The most important step is to cultivate relationships. When speaking to tentative sponsors, always lead with your strongest partners but try to develop multiple relationships, and let them know that there are multiple conversations to build confidence and trust. Be sure to demonstrate your confidence in what your organisation does and has to offer, and know your program through and through.

Try to have the sponsor engage with what you do today. Sponsor field trips can pay off big time as it lets them go in-person to see and engage in the work you are doing on the ground.

Consider starting small and working up in size. Prove to them in the first year what you can do and grow from there.

Practical Tip

Leverage your team. Get them to review and co-create the proposal, inject wisdom and enable them to see hidden costs.

Make sure the team is also confident about it and can verbally share the team’s mission, vision, and goals to sponsors.



There is a big difference between what they expect to see in ‘the ask’ and what they need reported on.

Make sure to take this into account when negotiating pricing.

Practical Tip

  • Start with broad but considered number.
  • Start small, and provide options.


For example: High support: $10K, this includes…


Spring and the Royal Bank of Canada

  • 1.

    Spring was running a one day, 400 pax event. They approached the Royal Bank of Canada (RBC) based on a referral (warm introduction). It took 1.5 years of building the relationship.


    What they (the sponsors) liked about Spring:

    – Fit their current year goals (CSR team) – by supporting impact entrepreneurs

    – Liked the size of the audience

    – Like the ability to stand in front of a big crowd


    Support Given:

    – Designed to cover all costs including overheads

    – Wanted a report on attendees, mentions on social etc. (asked for specific deliverables)


    Source: Spring


Spring and Vancity

  • 1.

    The initial sponsorship from Vancity was for one event to cover venue and food. After Spring delivered the event, Vancity saw its value.


    The following year, they started to build on that with:

    – One small project

    – One small event

    – One big event (500 people)


    In the beginning, they did not give a blanket sponsorship, Spring had to go to them each time to tell them what they are doing and asked for sponsorship. Then on Year three, Vancity requested that Spring gave them a plan for the year and they would mutually agree on what Vancity will sponsor over the course of the entire year.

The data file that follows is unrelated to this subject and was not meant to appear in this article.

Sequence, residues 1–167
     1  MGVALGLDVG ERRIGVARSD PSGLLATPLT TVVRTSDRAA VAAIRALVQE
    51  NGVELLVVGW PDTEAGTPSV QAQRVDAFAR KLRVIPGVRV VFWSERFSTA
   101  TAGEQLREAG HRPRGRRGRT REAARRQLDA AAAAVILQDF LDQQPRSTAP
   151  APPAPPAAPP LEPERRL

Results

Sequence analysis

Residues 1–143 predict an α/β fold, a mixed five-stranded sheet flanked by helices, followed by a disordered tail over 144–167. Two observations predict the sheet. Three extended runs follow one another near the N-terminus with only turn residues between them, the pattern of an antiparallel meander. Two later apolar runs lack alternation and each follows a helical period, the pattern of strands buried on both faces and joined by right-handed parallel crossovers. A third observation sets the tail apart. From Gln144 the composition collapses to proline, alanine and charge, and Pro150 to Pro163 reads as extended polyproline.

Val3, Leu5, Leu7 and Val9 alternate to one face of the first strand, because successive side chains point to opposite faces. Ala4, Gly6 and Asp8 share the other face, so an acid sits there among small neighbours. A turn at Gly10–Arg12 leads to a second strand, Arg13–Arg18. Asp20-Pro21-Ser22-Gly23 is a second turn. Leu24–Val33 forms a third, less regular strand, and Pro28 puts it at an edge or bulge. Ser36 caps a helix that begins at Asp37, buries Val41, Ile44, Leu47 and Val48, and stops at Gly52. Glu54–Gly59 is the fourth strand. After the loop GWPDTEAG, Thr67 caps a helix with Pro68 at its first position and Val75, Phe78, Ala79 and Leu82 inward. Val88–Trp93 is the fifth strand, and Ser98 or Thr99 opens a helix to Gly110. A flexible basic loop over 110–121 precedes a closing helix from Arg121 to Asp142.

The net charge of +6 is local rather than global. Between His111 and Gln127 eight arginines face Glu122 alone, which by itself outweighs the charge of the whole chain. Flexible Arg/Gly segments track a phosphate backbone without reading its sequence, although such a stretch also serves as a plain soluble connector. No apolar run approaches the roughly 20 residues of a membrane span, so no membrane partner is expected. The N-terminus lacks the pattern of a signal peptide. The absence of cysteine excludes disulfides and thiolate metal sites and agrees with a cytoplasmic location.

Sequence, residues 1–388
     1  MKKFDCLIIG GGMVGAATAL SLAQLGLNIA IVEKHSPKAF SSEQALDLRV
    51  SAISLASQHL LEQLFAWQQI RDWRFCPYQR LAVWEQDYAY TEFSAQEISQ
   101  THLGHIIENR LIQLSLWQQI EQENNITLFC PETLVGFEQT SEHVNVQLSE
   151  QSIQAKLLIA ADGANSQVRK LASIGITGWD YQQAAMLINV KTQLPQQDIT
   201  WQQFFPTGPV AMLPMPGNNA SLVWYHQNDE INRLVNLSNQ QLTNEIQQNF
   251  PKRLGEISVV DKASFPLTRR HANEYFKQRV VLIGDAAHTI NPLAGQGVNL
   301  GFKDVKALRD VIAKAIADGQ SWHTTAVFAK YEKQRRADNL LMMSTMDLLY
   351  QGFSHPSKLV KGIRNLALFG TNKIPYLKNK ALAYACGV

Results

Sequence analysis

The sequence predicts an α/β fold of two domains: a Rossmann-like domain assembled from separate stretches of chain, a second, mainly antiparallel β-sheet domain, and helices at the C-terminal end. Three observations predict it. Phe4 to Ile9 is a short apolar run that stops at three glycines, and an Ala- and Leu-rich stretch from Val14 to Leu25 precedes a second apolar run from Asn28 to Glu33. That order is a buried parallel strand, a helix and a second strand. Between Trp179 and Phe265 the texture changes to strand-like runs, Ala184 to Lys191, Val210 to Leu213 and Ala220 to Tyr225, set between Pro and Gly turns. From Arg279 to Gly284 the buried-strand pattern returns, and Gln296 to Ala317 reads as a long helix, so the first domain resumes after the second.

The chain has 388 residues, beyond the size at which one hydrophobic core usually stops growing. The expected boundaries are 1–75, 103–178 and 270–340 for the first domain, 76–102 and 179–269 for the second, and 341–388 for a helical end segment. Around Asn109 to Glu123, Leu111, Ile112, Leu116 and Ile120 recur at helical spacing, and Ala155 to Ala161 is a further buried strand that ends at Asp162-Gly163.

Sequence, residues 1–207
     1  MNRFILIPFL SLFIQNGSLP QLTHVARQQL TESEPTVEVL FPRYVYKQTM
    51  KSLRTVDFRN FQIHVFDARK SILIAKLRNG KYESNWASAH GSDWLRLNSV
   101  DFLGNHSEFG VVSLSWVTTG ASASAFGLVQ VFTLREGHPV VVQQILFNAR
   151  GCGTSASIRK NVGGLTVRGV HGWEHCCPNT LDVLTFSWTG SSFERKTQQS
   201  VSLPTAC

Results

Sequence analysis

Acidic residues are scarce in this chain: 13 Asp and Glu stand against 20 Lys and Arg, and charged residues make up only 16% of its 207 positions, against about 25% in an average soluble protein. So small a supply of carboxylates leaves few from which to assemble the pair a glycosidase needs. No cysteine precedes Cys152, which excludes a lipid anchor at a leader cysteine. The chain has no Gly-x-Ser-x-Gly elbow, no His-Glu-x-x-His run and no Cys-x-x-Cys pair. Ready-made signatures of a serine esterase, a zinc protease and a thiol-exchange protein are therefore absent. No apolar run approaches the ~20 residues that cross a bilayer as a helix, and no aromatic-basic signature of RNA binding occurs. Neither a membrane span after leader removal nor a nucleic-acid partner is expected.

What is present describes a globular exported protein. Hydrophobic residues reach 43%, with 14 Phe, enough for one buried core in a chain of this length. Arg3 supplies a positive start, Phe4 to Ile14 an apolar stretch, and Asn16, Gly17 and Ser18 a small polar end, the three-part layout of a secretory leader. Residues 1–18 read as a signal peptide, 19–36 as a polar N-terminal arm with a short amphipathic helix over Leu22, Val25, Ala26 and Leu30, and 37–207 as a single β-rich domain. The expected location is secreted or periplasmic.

They are currently on four years of blanket support ($50,00 a year).


    Source: Spring

Maintaining the Partnership

Once a relationship with a sponsor is established it needs to be nurtured and maintained. 

This can be supported in a number of ways:

  • Communications:

    Keep communications current: pre/during/post-event, and quarterly thereafter

  • Strategy

    Talk about strategy as a team and then exceeding expectations

  • Team

    Make sure the sponsors know multiple members of your team to expand the relationship and trust.

    • Have a CRM platform, have email thread in there as well to get the sponsor to speed quickly (e.g. HubSpot)
    • Make sure proposals and supporting documents are in a common filing system (e.g. Google Docs) so everyone knows where everything is at
    • If someone on the team leaves, make sure you reach out to the partners to let them know and to touch base again
  • Stories

    Tell stories of the entrepreneurs who are impacted by their programs. This shows the human side of the impact you are creating and helps the sponsor connect on a personal level.

  • Budget cycle

    Know the sponsors’ budget cycle and build those relationships in advance.

    • Know when they get a new budget and start talking to them three months beforehand so they write you in.
  • Diversification

    Don’t rely on funding from just one sponsor – build multiple relationships to ensure you remain well funded on an annual and recurring basis.


Funding Programs

How to ensure funding for your own program needs as well as for your entrepreneurs